The wildlife area, located south of Winslow, offers watchable wildlife opportunities throughout the year. There is no overnight public camping, and hunting is allowed in season (Game Management Unit 4A).
Kudos to The Arizona Republic and reporter Shaena Montanari for a recent article about the roadrunner, the long-legged speedster related to the cuckoo that can leave a human in the dust, outduel an angry rattlesnake, and eat just about anything it can swallow.
Partner Projects: Local leaders form collaborative for ecological restoration, recreation along lower Gila River
BUCKEYE, Ariz. — Local leaders, including the Gila River Indian Community, West Valley mayors, Maricopa County officials, and state agency representatives — which includes the Arizona Game and Fish Department (AZGFD) — recently met in support of the Lower Gila River Collaborative (LGRC), a growing cooperative effort to restore natural resources along the lower Gila River, improve access to nature-based recreation, and promote the river as an amenity in the West Valley.
The lower Gila River stretches from west Phoenix, east to the historic Gillespie Dam Bridge, providing opportunities for bird watching, fishing, kayaking and more. Every year, in late winter, partners host the Tres Rios Nature Festival at Base and Meridian Wildlife Area to celebrate this ecologically rich desert waterway. LGRC is increasing these kinds of opportunities for communities to get to know their backyard river, while improving wildlife habitat and restoring river flows.
Among the challenges that the partners are taking on is invasive salt cedar, a Mediterranean tree species that drastically alters the flow and function of the river. The LGRC invites the public to participate in restoration and stewardship with an online event calendar, volunteer opportunities and upcoming meetings at www.lowergilariver.net.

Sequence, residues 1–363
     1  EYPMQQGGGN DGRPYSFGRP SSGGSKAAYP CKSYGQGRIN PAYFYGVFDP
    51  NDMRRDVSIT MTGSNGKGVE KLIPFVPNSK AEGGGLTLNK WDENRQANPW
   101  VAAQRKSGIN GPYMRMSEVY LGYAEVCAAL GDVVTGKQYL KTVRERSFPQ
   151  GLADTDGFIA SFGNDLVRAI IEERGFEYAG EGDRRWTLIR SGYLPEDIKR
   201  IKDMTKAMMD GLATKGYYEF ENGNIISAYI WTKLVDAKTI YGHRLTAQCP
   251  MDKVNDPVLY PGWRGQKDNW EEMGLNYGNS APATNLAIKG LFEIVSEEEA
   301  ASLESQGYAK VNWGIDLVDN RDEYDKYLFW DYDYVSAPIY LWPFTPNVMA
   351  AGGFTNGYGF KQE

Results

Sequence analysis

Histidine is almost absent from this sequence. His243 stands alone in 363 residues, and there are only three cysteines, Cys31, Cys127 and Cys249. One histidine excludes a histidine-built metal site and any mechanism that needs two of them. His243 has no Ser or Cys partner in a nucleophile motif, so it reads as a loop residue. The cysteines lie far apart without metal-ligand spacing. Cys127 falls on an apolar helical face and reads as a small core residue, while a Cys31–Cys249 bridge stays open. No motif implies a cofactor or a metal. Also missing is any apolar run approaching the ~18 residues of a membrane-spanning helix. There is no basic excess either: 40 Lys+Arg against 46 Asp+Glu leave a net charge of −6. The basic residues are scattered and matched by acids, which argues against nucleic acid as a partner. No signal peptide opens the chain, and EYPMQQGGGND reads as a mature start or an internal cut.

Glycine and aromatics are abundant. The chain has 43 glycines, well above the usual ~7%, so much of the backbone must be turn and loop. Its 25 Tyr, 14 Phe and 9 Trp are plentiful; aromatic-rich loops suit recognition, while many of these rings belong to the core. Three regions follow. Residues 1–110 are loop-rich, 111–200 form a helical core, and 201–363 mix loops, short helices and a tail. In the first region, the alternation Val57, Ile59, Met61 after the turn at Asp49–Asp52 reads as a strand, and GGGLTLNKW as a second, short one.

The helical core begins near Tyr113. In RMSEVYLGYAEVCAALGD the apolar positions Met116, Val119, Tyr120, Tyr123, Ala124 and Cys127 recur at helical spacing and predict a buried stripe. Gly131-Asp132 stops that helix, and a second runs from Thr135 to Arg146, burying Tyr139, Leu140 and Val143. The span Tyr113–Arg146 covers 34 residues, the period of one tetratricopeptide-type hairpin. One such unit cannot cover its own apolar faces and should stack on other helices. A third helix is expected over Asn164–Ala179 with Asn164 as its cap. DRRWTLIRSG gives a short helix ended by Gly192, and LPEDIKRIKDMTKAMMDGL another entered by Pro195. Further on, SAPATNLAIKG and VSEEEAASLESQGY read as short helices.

“We have been working with partners for several years on this vision,” said Jackie Meck, Buckeye’s mayor who serves on the LGRC Leadership Council. “It’s wonderful to see it continue and grow.”
The LGRC Leadership Council recently met for the first time to affirm commitment to regional priorities for this unique river system: ecological restoration, river recreation, economic development and tourism, and community engagement. Leaders celebrated achievements, including invasive plant removal, native vegetation planting, new research and mapping, and public volunteer events.
Phoenix Mayor Kate Gallego, also a member of the LGRC Leadership Council, said, “Collaboration that creates environmental, social and economic value along the lower Gila not only enriches the region, but also provides a direct benefit to the investment and efforts the City of Phoenix has made to revitalize the Salt River corridor over the past two decades.”
The LGRC ensures place-based planning, reflexive decision-making and improved effectiveness of West Valley projects. It complements the El Rio Watercourse Master Plan regional vision for a healthy and resilient river, accelerating the work of partners to accomplish shared goals. LGRC serves as the primary forum for Rio Reimagined’s West Zone. The Rio Reimagined initiative, envisioned by the late U.S. Sen. John McCain to revitalize the Salt and Gila rivers corridor through metro Phoenix, has recently joined the Environmental Protection Agency’s Urban Waters Partnership, securing $1.4 million in federal grants for brownfields assessment and clean-up.
The LGRC Leadership Council includes mayors and councilmembers of Avondale, Buckeye, Goodyear and Phoenix; directors of Flood Control District of Maricopa County and Maricopa County Parks and Recreation; the governor of the Gila River Indian Community; and AZGFD and Arizona State Forestry and Fire Management representatives. The collaborative engages more than 40 additional partners from the public, non-profit and private sectors in its working groups and committees. The group meets annually as a full collaborative.
It is the Arizona Game and Fish Department’s mission to conserve Arizona’s diverse wildlife resources and manage for safe, compatible outdoor recreation opportunities for current and future generations. Check out what we do, and the dedicated, hard-working people who do it.